Fayaz Ahmad, a resident of Kanihama village known for producing unique designs of famous Kani shawls is worried about his future as his income has witnessed decline in past few years.
His eyes focused on a piece of marvel that he is carving out, yet despite his hard work he is not sure about the price his hard work of the past so many months will fetch him.
“Our wages are going down with each passing day on the contrary it should have been witnessing an increase. But ironically big traders and exporters reap benefits and poor artisans are left to fend for themselves,” Ahmad said.
“Earlier a kani shawl which would give me around Rs 80,000 is fetching only Rs 40 to 50 thousand, when we enquire about it with the exporters or traders who buy it from us, they say there is less demand in the outside and international markets. But on television and other media platforms we come to know how famous our hard work is across the globe.”
“Artisan community has always been subjugated and oppressed by the middlemen, same is happening now,” he said while shifting his focus back to his work.
Over 40- kilometers from Kanihama village, in Srinagar’s downtown a kani shawl weaving workplace run by Hakak brothers is abuzz with the weaving activities.
“We have been weaving kani shawls from decades, but now its returns are much lesser as cheap machine made shawls are being sold in its name outside, though a knowledgeable person can easily recognize the difference between fake and original. Another thing is that the exporters are giving lesser prices, and the poor artisan is not in a position to directly sell it outside, therefore he has to rely upon the prices fixed by the exporter or middlemen who buy stock then sell it to other parties,” said Shabir Ahmad Hakak.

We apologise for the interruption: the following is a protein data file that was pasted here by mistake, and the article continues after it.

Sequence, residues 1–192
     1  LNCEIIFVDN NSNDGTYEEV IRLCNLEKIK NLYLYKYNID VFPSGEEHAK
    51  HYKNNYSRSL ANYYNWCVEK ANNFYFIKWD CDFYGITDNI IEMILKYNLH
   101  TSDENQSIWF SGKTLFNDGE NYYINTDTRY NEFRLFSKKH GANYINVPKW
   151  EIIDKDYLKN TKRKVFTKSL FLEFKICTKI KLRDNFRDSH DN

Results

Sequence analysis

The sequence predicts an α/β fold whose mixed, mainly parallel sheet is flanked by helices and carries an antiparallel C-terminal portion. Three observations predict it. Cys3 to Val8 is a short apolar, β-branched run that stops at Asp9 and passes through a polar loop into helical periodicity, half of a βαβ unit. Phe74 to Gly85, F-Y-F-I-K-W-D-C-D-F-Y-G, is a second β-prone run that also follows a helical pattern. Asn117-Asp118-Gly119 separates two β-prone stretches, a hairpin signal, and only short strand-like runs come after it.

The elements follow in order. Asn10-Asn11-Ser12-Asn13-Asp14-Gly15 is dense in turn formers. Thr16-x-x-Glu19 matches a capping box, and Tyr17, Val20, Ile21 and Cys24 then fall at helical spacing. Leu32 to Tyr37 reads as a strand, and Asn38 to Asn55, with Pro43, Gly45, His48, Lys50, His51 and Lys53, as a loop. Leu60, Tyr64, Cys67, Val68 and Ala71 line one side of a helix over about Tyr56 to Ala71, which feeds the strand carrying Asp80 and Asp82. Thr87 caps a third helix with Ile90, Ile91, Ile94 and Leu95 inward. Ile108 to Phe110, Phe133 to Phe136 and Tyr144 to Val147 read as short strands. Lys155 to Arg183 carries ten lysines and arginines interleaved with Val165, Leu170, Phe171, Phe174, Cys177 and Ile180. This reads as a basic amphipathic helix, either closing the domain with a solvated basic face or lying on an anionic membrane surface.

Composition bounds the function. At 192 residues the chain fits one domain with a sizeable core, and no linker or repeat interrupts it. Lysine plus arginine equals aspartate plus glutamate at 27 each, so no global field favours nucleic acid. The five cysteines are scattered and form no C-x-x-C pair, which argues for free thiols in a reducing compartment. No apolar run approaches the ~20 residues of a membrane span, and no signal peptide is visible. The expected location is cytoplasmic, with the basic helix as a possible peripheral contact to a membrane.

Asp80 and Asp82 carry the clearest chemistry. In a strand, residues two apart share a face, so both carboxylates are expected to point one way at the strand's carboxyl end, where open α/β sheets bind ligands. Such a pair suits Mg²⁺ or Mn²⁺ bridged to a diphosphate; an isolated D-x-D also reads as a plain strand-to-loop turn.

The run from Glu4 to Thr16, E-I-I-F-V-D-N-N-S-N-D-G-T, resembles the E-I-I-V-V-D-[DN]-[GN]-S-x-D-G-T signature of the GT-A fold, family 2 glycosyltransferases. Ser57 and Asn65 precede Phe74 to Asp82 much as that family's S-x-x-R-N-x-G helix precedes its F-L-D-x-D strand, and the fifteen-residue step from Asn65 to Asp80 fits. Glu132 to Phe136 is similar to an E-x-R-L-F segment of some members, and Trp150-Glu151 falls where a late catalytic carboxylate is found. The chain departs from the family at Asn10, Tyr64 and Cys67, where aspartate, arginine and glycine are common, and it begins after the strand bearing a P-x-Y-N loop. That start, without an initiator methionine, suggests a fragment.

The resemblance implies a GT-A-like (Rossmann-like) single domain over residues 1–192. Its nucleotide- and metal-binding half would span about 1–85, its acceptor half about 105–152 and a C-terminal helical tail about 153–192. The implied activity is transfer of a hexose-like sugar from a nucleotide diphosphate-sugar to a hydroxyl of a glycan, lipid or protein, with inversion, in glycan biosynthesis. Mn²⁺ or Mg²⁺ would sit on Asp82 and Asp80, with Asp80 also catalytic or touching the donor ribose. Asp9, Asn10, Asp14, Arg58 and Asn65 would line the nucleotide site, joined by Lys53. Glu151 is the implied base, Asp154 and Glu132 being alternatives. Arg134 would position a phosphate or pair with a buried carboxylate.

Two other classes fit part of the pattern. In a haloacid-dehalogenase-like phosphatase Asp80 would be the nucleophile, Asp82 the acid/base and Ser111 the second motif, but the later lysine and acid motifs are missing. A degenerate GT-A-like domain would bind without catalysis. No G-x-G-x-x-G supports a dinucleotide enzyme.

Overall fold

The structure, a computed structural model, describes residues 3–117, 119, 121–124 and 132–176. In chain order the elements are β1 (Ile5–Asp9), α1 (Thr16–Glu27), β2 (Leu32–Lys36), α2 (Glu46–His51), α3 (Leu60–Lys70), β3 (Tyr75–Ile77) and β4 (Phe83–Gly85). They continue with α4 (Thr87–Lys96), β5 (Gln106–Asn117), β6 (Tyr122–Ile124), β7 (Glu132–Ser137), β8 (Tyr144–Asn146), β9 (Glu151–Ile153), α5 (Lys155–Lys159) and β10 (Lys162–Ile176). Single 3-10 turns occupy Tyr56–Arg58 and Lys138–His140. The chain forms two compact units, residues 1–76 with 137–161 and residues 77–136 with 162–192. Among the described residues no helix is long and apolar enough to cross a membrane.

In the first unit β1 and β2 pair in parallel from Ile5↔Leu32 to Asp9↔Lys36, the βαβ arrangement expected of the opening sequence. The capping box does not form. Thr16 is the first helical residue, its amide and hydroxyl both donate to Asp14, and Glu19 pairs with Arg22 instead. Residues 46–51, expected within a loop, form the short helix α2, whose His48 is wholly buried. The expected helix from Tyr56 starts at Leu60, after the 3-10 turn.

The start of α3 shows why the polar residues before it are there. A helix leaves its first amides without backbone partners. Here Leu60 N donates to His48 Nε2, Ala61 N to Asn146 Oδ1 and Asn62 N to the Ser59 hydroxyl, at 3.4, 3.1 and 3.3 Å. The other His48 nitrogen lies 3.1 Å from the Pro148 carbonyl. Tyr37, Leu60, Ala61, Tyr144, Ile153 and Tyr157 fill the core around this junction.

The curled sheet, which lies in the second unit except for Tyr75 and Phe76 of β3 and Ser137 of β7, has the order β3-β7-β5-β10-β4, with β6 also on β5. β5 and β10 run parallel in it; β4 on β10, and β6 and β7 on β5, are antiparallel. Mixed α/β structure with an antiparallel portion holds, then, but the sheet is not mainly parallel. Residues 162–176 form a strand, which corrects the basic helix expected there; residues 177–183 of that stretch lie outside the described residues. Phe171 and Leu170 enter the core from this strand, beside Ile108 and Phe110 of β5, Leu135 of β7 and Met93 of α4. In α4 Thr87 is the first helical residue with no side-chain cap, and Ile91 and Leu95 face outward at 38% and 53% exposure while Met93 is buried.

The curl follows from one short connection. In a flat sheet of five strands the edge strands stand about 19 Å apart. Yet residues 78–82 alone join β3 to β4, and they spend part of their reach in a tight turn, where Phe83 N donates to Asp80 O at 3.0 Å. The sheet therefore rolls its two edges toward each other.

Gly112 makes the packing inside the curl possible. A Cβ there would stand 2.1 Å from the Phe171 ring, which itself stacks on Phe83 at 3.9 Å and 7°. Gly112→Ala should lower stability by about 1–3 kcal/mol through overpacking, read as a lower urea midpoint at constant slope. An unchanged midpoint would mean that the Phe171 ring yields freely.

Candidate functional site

Kashmir’s Kani shawl, one of the Kashmir’s most famous exports from the time of the Mughals, draws its uniqueness from the way it is woven.
The Jammu and Kashmir government has recently brought it under GI tagging.
These shawls are made from the coat of pashmina goats, which are reared in the desert region of Ladakh. A designer, known as naqash, creates a pattern. The weaver brings it into life with numerous bobbins or petit sticks loaded with yarn of different colours. There is no embroidery. Neither does the bobbin shuttle from one side to the other of the warp. Instead, sticks of different colours are inserted at different points across the warp thread. In this, the weaver follows a code prepared by the designer. The task is time-consuming and requires immense patience. This shawl fetches Rs 40000 to 2.5 lakh in the market.